San Francisco Recreation and Parks officials quickly launched construction on the Beach Chalet soccer fields Wednesday after a measure supporting the project appeared to win a solid majority and a measure opposing it looked set for failure.
Officials with the City Fields Foundation, the project’s chief supporter, said in a statement Thursday:
“Work permits for the project had been issued months ago, prior to the measures being placed on the ballot.”
While construction was postponed until after the election, the statement said:
“… the renovation began yesterday morning after it was clear the voters had approved the fields and the outcome of the election would not change. … We are grateful to the voters of San Francisco for voting to let our kids play.”
San Francisco Recreation and Parks spokeswoman Connie Chan said in a statement issued Thursday:
“We will now proceed with a much-needed renovation that will allow thousands of kids to play sports in our city.”
Opponents of the project, which included environmental and neighborhood groups, have objected, saying that the ballots had not all been counted when construction started and the election results had not yet been certified.
In addition, at least one legal appeal in a lawsuit filed by the Sierra Club challenging the project’s environmental impact report has yet to be heard, according to a statement from SF Ocean Edge, a group that opposes the project.
Critics of the artificial turf and nighttime lighting in Golden Gate Park said nighttime lighting on the fields would be visible from Ocean Beach and would spoil one of the few natural spaces left in the city. In addition, they voiced concern about the long-term safety of artificial turf.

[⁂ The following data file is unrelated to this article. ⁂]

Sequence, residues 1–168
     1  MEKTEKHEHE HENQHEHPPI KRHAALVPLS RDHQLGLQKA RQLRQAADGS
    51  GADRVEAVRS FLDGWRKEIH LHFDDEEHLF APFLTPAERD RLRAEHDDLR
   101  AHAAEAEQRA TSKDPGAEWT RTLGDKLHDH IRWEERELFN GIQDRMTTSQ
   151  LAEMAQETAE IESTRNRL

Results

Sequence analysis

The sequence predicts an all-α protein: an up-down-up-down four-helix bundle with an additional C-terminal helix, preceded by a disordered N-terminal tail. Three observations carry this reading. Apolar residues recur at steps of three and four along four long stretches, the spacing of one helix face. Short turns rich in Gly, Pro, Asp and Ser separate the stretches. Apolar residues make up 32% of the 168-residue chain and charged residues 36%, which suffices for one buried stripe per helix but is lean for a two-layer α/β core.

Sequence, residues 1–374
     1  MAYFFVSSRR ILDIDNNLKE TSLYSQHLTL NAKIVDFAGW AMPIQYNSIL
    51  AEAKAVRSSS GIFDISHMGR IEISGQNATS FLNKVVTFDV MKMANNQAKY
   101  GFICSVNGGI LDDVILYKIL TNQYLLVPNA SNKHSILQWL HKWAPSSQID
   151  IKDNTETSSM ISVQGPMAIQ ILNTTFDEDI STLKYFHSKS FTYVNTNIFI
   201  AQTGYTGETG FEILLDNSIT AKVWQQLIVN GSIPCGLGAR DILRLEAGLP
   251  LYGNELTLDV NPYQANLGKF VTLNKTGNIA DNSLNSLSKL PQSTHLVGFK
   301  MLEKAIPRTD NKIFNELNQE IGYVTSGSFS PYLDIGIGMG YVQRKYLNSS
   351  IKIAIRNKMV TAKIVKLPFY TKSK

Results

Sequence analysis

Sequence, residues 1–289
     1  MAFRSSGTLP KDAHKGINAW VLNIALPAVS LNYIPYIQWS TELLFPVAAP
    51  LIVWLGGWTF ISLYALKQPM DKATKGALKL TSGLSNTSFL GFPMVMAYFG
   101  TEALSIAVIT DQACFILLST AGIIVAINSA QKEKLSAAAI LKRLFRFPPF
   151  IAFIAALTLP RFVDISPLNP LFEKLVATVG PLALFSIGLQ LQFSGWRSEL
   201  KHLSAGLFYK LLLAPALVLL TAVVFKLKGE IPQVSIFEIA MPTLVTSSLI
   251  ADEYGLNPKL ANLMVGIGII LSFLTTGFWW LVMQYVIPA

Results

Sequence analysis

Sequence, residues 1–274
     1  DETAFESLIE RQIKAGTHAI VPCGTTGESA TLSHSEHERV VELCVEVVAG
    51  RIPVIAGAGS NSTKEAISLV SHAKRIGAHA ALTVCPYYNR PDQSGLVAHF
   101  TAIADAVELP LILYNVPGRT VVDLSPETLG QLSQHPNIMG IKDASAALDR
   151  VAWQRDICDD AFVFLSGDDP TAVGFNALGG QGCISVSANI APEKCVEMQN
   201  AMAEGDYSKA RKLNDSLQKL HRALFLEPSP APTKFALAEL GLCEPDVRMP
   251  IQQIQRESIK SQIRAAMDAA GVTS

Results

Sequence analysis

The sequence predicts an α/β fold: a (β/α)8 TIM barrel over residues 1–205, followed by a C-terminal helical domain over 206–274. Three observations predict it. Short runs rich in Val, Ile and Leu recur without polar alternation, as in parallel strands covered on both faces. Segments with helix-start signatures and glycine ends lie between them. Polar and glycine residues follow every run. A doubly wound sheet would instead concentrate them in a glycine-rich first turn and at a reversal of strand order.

One opponent, Kathleen McCowin, who identifies herself as the president of Soccer Parents and Coaches for Grass in Golden Gate Park, staged a protest outside the project today, holding a sign reading:
“No artificial turf, No stadium light in Golden Gate Park.”
Chan referred questions on the handling of McCowin’s protest to San Francisco police, saying they would be in charge:
“… if and when the protestors threaten personal and public safety in our public space.”
The construction work so far has included the removal of some trees, the installation of fencing and some digging in the fields, according to McCowin. Construction equipment has also been moved into the area.
According to city elections results published today, with all precincts reporting, San Francisco’s Proposition H, which sought to block the project by calling for the athletic fields to be maintained as natural grass, was rejected by more than 54 percent of voters.
Proposition I, a measure allowing for the installation of artificial turf and nighttime lighting of athletic fields in Golden Gate Park, passed with more than 55 percent of the vote.
Those who came out in favor of the turf and lighting project include the San Francisco Chamber of Commerce, the San Francisco Democratic Party, as well as the City Fields Foundation, which is managed by the sons of the founders of Gap Inc., William, Robert and John Fisher, among others.
Those who stood against the artificial turf and lighting include the Sierra Club, Golden Gate Audubon Society and 44 groups that make up the Coalition for San Francisco Neighborhoods, among others.